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  • Lush and descriptive writing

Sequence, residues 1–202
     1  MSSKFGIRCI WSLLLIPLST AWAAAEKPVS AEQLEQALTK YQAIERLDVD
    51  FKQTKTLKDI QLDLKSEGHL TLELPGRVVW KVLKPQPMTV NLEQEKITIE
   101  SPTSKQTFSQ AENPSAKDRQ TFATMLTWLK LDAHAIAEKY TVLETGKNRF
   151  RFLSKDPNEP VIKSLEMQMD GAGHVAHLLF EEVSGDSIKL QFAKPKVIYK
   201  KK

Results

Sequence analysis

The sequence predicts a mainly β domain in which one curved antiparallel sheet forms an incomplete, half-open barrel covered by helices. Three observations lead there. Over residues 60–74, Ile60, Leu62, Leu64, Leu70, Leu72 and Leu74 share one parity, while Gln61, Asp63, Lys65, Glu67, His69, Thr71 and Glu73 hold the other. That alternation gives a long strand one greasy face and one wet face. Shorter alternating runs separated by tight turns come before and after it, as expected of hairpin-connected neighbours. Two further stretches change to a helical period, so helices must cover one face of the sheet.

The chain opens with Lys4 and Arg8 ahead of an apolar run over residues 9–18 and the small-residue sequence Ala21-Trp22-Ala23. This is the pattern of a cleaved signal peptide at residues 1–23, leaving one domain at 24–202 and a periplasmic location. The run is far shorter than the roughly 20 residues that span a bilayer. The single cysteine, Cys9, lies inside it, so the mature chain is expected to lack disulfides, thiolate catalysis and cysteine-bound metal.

Blogging on review tours is a great way to expose oneself to novels that are outside of the comfort zone. I may never have read or even heard about All Things Left Wild on a normal day. But thankfully for me, this tour led me to take a chance that paid off. Reading this novel expanded my exposure to historical westerns beyond romance. All Things Left Wild is two separate story lines on a collision course to a showdown. Even the chapters follow the separate story lines. The point of view switches between Caleb and Randall with each new chapter. The novel also doesn’t fit into any typical genres, crossing between adventure, historic fiction, and journey of the spiritual and physical variety. The plot twists and turns. Even at halfway through the novel, I wasn’t sure where the story or characters were going, but I was certainly along for the ride. Mr. Wade’s writing style is lush and visually descriptive. Details about characters, places, and things come alive as you read. I highlighted so many passages of metaphors and dialog that I could not share them all! Here are two of my favorite examples: “but rage was controlling the puppet strings and there was no reason or hesitation.” So physically descriptive, I can see the strings! “The umbilical piping rose up to and through the ceiling and it had been the smoke from this stove which had led them there in the first place …” The paragraph this sentence belongs to is just an amazing description of a cast iron stove. Who else knew that umbilical is used to describe piping. Not me! I’ll never be able to look at exposed pipes again without thinking about this sentence. With few exceptions, the characters in All Things Left Wild are flawed and unrelatable. I struggled to empathize with any of the decisions that are made throughout the novel. Caleb is looking for balance and to atone for his sins. He is straddling that line between man and boy, feeling the first rush of hormones while also mourning his mother. Randall is looking for revenge. And maybe redemption. What he finds though is that the family you make is just as important as the family you are born into. Grimes, the leader of The Lobos gang, is very persuasive in his cause. His attempts at persuading Caleb to join the gang are powerful and slick. He has amassed a group of followers that strongly believe he is leading them to their salvation. But no one, apart from Caleb really, questions the means to that salvation. The one character that I really loved in the novel is the Widow Cole who shelters Randall’s group during a snowstorm. Her direct and some might say blunt attitude towards every subject, especially men, was a refreshing blast of cold air on a scorching hot day. I read All Things Left Wild with both my eyes (ebook) and ears (audio book), as that’s how I roll sometimes. Mr. Hastings’s audio narration was smooth and warm, like a glass of whiskey. The voices are distinct and easy to follow, especially the voices of Caleb and Randall. The Texas twang comes through very well. There audio production is well done, with no awkward pauses. This may have been my first experience listening to Mr. Hastings’s narration, but it will not be my last. (I’m confident in saying I could listen to Mr. Hastings read the phone book and may have already been doing some Audible stalking!) Either format is recommended for this novel. Overall, I enjoyed reading All Things Left Wild. The descriptive writing and excellent narration made for a satisfying read.

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